I’m taking it easy during these holiday weeks, and I hope you are able to do so as well. Whatever winter holiday you hold (Christmas, Hanukkah, Solstice, Yule, Kwanzaa, Festivus, or just Let’s Get Together), may it bring you joy, peace, and strength as we go into a new year and a new decade.
This post marks the last time I’ll be updating the blog here on WordWacker. It’s been a wonderful 5 1/2 years, but now it’s time to move things over to my own site: www.celiareaves.com. If you’ve been enjoying my content here, I hope to find you over there, but either way, thank you for visiting me over the years. My followers are awesome and I value each and every one of you. Blessings on you and yours, and peace out!
The Lens Artists this week ask us to share images of displays. The first fits with the season: it’s a small part of the collection of Christmas trees I set out on my mantle at this time every year. I love their bright colors and the huge variety of materials they are made of.
The second couldn’t be more different, except that it also contains many different colors. I wanted to get a 20-sided die to give to a gaming friend of mine as a thank-you for a small favor she did, and spent some time ogling the huge variety of polyhedral dice available at my local gaming store. Each little box contains seven different dice identified by the numbers of sides they have: four, six, eight, ten, and twenty. (There are two with ten sides, one marked 1-2-3-etc. and one 10-20-30-etc. You roll them both when you need a percentage.) All those who love tabletop role-playing games (Dungeons and Dragons and its many descendants) also love dice. Aren’t these lovely?
Posted in response to Lens-Artists #76: On Display, with thanks to Amy for posting this week’s challenge.
Remember that starting in a few weeks, I will be posting only on my official website: www.celiareaves.com. I hope to see you on my new site!
The Lens Artists photo challenge this week is about nostalgia. Since it’s the time of year when we’re decorating for Christmas, my thoughts went to one particular holiday tradition at my house: the little blue ornament.
This is the only ornament that survives from the first set my parents bought when they got married in the 1940s. It’s nothing special, just an unadorned blue sphere a couple of inches across, except of course that nostalgia makes it special to me. When I hang it on the tree, I have a warm, settled feeling of connection with my family’s history.
Posted in response to Lens-Artists #75: Nostalgic, with thanks to Tina for posting this week’s challenge.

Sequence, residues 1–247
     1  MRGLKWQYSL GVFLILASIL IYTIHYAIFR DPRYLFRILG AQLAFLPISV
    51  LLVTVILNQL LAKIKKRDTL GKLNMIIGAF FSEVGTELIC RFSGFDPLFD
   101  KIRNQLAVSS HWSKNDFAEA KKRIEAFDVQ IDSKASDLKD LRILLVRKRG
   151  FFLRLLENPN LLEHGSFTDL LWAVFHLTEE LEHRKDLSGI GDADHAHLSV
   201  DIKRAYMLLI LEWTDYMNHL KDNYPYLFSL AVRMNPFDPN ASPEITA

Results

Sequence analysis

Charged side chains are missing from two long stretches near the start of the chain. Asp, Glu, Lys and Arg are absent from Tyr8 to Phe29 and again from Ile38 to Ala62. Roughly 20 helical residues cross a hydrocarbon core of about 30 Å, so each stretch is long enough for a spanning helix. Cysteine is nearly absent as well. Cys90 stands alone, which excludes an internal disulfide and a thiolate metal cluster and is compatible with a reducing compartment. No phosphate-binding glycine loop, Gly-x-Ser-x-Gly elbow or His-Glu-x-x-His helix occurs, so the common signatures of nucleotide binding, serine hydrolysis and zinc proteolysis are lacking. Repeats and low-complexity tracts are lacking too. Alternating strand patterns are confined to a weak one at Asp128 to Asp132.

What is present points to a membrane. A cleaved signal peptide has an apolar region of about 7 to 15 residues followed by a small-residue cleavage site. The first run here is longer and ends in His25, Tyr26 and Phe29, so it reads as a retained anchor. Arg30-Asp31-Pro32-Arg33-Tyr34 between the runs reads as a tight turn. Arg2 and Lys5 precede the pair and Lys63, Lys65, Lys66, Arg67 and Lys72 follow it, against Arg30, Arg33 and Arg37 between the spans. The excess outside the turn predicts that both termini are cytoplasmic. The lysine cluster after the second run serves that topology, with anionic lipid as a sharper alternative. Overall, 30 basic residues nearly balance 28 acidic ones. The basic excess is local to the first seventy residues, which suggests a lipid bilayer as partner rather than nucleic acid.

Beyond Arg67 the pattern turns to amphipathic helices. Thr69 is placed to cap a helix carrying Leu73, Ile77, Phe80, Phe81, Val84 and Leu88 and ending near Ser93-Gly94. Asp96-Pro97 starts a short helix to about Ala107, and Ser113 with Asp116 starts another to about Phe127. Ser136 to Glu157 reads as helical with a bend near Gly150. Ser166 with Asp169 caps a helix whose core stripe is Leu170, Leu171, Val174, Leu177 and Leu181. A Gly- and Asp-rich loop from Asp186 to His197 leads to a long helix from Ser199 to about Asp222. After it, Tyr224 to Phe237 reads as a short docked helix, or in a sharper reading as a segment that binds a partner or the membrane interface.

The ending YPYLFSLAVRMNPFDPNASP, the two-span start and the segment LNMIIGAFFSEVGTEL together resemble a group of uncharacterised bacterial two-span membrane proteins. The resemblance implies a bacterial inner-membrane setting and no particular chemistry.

Please note that all starting in a few weeks, my images will only be posted on my official website: www.celiareaves.com. If you want to see the pictures I post in the future, you’ll have to follow me there. I hope to see you on my new site!
We celebrate Christmas in our household, but whatever winter holiday you hold (Hanukkah, Solstice, Kwanzaa, New Years, Three Kings Day), I hope it brings peace, joy, and blessings overflowing to you and yours. Light will arise from the darkness. Always.
Ed is someone I know from church, who used to sing in the choir before his eyesight got so bad he couldn’t see the music. Back when he could see, he used to paint Christmas ornaments for everyone in the choir every year. We have a glass ornament with a frozen lake and pine trees, a wooden one with Santa, and so on. This one is our family’s favorite. My daughter calls it he Pissed-Off Cardinal, and searches eagerly for it every year as we decorate the tree. If you look closely, you can see where it says Ed just under the main branch. We all love the whimsical nature of this cheery, cranky image. Ed is still around, and we’d thank him every year for the beautiful gifts he’s given us, except that it makes him sad that he can’t do it any more. So I post this photo in honor of Ed, who painted it with love and signed his name with pride. Thank you, Ed.
Posted in response to the WordPress photo challenge: Names
Every year when we decorate the tree we keep an eye out for that one ornament. It’s as big around as a quarter and plain blue, the only one left from the first set of glass ornaments my parents bought when they got married in the 40s. I’m proud to be the one who inherited it when they were gone, and my daughter will inherit it after me, assuming it survives yet more years of Christmas duty.